AUBURN, Wash. (KOIN) — “When I saw this I thought this is the thing that’s gonna change the world,” Return Home CEO Micah Truman said as he stood outside a nondescript warehouse tucked away in the Seattle suburb of Auburn in early March.
Inside, construction crews raced to get Washington’s largest natural organic reduction facility up and running by April to meet the growing demand for the alternative to traditional burial or cremation.
Truman worked in banking and finance, making the switch to the funeral industry a little more than two years ago when he heard about the move to legalize natural organic reduction, more commonly known as human composting. Return Home calls it “terramation.”
Regardless of the name, the concept is the same. A body goes in a vessel along with a bulking agent like alfalfa, sawdust or wood chips. Add water, air and heat then, after about 30 days, the body — with the exception of bone and teeth, which need to be ground up — is reduced to dirt. A machine screens out inorganic material like metal screws or silicone implants. Then the compost rests for another 30 days before the process is complete.
Return Home will be the third facility to turn folks into fertilizer, and the largest by far. Herland Forest, a natural burial cemetery and research nonprofit near the Columbia River Gorge, has just one vessel so far. Seattle-based Recompose has the capacity to process 10 bodies per month.
“We think that if we have scale, we can make it price competitive,” Truman said. “Otherwise it becomes an expensive thing if you’re doing very few of them.”
Return Home charges a terramation fee of $4,950, which they see as an affordable price. Burial plots alone can cost upwards of $5,500 in Washington and don’t include embalming, caskets and other services.
Getting everything ready by a target opening date of April 1 is quite the undertaking. Crews are transforming an 11,500-square-foot warehouse into an all-in-one funeral experience. One section will house the vessels during the reduction process, but Truman envisions a large open space in the center of the building — as well as a loft area above — being used for laying in ceremonies.
Staff would place the body in the vessel and the family could fill the rest of the space with flowers or any other organic material.
“So we’re now able to have a very human process which we’ve done for thousands … of years,” Truman explained. “We stand next to our loved one, and we say goodbye to them and we cover them in organic material that we ourselves choose.”
To make it in the funeral industry, you have to have a good heart, said Katey Houston, a funeral director and embalmer for Weeks’ Funeral Homes. She believes Truman has that, despite having seen comparatively few dead bodies in his life.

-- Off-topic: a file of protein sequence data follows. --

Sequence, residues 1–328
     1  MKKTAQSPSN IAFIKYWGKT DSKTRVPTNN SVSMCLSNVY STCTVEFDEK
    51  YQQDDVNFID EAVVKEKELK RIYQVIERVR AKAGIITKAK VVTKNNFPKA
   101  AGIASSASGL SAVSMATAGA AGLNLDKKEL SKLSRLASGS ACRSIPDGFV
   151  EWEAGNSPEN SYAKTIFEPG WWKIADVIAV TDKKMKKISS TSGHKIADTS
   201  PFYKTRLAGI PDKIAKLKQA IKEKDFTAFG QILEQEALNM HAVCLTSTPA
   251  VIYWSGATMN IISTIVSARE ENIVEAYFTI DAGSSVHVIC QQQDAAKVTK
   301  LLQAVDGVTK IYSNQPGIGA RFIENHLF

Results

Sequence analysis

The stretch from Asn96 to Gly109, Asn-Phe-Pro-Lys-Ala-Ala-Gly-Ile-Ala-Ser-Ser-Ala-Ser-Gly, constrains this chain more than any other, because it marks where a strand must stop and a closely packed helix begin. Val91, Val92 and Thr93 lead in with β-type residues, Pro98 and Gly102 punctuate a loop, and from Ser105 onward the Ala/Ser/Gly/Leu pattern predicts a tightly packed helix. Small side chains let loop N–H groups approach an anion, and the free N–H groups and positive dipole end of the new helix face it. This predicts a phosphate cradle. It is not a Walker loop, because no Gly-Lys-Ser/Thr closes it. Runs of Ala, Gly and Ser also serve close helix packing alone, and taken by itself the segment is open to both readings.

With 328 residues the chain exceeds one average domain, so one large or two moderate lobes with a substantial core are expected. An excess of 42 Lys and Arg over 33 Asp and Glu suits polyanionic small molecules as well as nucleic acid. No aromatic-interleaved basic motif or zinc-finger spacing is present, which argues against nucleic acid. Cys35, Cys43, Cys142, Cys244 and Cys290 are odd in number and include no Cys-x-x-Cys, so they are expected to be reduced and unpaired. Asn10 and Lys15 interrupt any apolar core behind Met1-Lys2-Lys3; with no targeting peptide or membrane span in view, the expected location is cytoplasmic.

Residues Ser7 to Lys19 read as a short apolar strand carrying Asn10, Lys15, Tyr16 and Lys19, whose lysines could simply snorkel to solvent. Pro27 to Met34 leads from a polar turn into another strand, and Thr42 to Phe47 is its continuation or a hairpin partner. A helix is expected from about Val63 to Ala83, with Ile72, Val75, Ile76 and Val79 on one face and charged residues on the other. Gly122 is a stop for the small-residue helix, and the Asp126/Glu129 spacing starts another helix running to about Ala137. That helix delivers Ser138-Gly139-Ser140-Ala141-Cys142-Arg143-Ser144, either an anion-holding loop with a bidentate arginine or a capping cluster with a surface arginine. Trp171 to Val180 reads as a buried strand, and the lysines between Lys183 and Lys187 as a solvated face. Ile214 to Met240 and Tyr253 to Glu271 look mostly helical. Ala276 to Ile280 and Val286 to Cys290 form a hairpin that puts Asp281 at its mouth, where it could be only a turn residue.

“It’s gonna be eye opening for him,” Houston said. “He’s come at this from an outsider perspective.”
Prospective clients have asked Houston about terramation, but until now there hasn’t been the capacity to make it viable.
Now, clients will contract separately with Return Home and the funeral homes will transport decedents to the facility, just like they would with a traditional cemetery. Houston sees this becoming “just another end option,” with funeral directors asking whether customers want burial, flame cremation, water cremation, or composting.
Both she and Truman think the demand is there, and not just from the people you might expect.
“I find it crossing all political spectrums, I find it crossing all religions,” Truman said.
“Yes there is the hippie group of recyclers that are going to want this, but there’s also a group of old school farmers that I think are also going to be into it,” Houston said, noting that many ranchers already compost their animals when they die, viewing it as a natural process. “It’s a way for them to return to their own soil … You’re fertilizing everything.”
While farmers may want the entire cubic yard — approximately 500 pounds — of soil, not everyone else will have that capacity. Return Home and its industry peers will allow families to take as much as they want, then donate the rest to environmental restoration projects.
The legalization of human composting marked a seismic shift in an industry that has been highly regulated and stagnant for decades.
“This is a thing we’ve done poorly as an industry before,” Houston said. “When cremation became a thing, we ignored it.”
Cremation now accounts for a staggering 80% of dispositions in Washington, according to projected 2020 data from the National Funeral Directors Association.
“Especially with my generation of funeral directors, we kind of have to take the reigns at this point and be willing to be transparent and open to new ideas for the families that we serve,” Houston said. “We can’t continue with the old school way of thinking or we’ll become irrelevant.”
Houston sees composting comprising 15-20% of her business within the next five years.
Several other states are poised to allow the practice as well, though. Around a hundred people submitted testimony in favor of Oregon’s proposed legislation earlier this month. Similar bills are being considered in Colorado and California.
“When California ratifies, it’s gonna be bananas,” Truman said. In 2019, the Golden State had the fifth largest economy in the world.
Even though many people crinkle their noses the first time they learn about terramation, Truman said most — including his own family members — warm up to it eventually.
“What we have here is a way for people to say goodbye to their loved one in a way that just plain feels good,” he said.